To open the session, your mediator will outline the ground-rules and ensure he has signed consent to mediation forms. The ground-rules are key and loosely explained as follows.

1. No interrupting. Let each party have their say
2. No foul language, emotions can run high, but commit to keeping things civil
3. Remember that the process is "off the record" and what is said in mediation cannot be used in court at a later stage if the mediation is unsuccessful
4. Feel free to take a moment and call someone for advice if you need this is permissable during the process.

Your mediator will then choose a party at random to make their opening statement. This is effectively your perspective of the situation, where you are and where you need to be. The other party will then be invited to make their opening statement.

Once your mediator has heard opening statements, he may choose to ask some questions to clarrify points or could move directly to caucus. A caucus is where your mediator will separate the two parties and have confidential discussions with one party at a time. What is said in those caucus sessions is totally confidential and your mediator can not and will not disclose anything said in caucus without your express permission - and to help further discussions.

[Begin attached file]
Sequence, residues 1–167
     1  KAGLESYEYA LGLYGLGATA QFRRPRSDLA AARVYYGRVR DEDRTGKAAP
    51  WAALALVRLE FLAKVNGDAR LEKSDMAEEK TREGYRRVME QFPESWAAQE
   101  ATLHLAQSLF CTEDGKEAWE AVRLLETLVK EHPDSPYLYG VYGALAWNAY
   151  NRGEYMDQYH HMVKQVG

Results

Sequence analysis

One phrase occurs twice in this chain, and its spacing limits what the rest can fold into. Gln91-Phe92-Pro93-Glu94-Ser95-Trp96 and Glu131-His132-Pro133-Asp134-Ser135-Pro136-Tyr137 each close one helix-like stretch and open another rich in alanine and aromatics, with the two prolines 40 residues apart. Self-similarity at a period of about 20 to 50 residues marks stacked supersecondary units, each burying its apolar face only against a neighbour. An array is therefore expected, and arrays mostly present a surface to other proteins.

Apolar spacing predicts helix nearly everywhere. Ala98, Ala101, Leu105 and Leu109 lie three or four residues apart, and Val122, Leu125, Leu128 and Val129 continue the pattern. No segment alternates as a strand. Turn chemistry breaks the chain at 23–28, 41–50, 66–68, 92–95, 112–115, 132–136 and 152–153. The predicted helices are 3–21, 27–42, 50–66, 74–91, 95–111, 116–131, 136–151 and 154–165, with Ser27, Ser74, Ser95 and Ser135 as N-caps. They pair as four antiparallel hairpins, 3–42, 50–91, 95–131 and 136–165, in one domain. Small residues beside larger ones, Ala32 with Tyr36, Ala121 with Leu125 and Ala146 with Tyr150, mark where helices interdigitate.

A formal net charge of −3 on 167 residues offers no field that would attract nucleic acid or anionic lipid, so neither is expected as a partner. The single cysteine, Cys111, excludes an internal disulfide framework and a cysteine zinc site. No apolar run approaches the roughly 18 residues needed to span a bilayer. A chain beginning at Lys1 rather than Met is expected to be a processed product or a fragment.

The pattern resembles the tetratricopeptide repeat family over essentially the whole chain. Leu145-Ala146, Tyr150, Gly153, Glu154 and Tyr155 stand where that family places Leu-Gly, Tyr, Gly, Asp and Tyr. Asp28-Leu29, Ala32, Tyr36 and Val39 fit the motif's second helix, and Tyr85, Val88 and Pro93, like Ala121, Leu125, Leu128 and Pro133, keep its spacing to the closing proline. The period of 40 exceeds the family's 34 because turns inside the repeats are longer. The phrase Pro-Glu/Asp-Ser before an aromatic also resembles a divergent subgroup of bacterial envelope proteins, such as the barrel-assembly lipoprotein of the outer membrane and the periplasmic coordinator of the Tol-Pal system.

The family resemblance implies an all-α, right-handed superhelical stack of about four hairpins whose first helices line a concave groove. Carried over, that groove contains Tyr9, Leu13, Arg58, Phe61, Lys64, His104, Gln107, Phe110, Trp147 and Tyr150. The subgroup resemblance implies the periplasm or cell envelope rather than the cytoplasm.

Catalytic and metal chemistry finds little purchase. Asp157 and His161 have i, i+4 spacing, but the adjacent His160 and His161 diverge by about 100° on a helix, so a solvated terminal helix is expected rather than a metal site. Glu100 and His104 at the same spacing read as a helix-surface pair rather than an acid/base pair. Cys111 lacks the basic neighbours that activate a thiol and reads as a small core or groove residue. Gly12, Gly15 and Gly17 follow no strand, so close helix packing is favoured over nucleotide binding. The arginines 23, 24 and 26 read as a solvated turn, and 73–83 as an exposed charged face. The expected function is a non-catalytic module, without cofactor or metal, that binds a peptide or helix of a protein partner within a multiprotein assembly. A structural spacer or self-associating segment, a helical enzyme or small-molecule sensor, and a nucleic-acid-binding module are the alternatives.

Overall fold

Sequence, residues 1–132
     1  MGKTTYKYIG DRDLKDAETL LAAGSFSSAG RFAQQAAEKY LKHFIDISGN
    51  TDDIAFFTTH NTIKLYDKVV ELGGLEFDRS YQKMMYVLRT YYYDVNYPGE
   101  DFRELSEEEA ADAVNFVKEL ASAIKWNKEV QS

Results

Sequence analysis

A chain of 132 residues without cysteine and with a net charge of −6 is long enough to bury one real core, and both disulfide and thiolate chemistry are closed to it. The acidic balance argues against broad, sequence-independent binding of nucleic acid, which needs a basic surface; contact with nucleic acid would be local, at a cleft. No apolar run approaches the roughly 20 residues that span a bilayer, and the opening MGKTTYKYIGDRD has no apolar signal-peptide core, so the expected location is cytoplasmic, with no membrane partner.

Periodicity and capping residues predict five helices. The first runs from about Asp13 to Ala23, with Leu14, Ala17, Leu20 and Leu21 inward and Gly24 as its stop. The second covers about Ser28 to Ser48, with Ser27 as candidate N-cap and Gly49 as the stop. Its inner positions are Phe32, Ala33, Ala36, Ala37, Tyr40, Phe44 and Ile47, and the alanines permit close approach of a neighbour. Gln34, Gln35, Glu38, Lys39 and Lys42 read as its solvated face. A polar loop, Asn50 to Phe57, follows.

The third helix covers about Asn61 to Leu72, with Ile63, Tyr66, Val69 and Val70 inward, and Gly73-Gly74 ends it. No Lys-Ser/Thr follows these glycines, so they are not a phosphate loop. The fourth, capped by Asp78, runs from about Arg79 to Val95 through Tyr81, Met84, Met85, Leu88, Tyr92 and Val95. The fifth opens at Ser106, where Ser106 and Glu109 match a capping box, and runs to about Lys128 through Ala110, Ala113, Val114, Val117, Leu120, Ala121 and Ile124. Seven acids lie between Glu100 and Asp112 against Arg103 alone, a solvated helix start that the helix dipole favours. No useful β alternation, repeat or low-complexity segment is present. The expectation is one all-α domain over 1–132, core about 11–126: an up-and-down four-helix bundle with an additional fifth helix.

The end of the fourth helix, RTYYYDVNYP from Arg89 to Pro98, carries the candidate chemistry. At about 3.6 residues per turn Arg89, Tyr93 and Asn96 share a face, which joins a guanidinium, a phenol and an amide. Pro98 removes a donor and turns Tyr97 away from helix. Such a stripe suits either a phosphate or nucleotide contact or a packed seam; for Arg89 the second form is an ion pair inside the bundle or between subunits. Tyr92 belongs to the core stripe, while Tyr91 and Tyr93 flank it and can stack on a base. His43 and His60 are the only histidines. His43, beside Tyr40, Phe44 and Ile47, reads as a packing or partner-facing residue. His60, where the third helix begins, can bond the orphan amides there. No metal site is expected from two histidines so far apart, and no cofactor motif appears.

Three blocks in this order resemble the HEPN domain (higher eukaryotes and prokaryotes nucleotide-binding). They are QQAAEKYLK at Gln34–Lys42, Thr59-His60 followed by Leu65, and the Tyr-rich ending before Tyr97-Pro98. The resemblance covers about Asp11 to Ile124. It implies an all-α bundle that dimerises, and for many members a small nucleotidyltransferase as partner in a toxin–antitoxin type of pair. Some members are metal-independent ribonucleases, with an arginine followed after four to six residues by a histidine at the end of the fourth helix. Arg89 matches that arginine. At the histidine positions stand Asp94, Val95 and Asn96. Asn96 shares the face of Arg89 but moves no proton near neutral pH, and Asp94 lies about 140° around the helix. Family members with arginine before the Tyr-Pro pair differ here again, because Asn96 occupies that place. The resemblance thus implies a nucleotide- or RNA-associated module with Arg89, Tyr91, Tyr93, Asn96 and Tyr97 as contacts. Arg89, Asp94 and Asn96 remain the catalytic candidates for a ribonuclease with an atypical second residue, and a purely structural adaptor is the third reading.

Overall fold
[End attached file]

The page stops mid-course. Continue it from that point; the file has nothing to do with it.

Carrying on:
In any dispute, whether it's custody, divorce or contracts there's always an emotional angle for each party. It could be fear, anger, outrage, sadness or any one of a range of emotions. Your mediator is there to help address and acknowledge those emotions and assist with ensuring that your point of view is carried accross to the other party clearly.

Through a process of directed discussions and ultimately bargaining jointly and in caucus, your mediator will help the parties to reach an agreement. At times it may be neccessary to reflect on best case/ worst case scenarios in terms of the matter in order to bring perspective and your mediator will guide this.

Throughout the process, your mediator is there to listen, ask, clarrify points, highlight issues and add perspective to the discussion.

Your mediator is there to work for BOTH parties equally. He is there to help guide and keep discussions productive. In order to do so, he is armed with an array of training and experience that could include counselling, negotiating, basic psychology, transaction analysis and neurolinguistics.

Mediation is a process of guided discussion and interpretation of what is important to each party always bearing in mind that the process seeks to diffuse tensions, clarify positions and achieve a mutually acceptable outcome.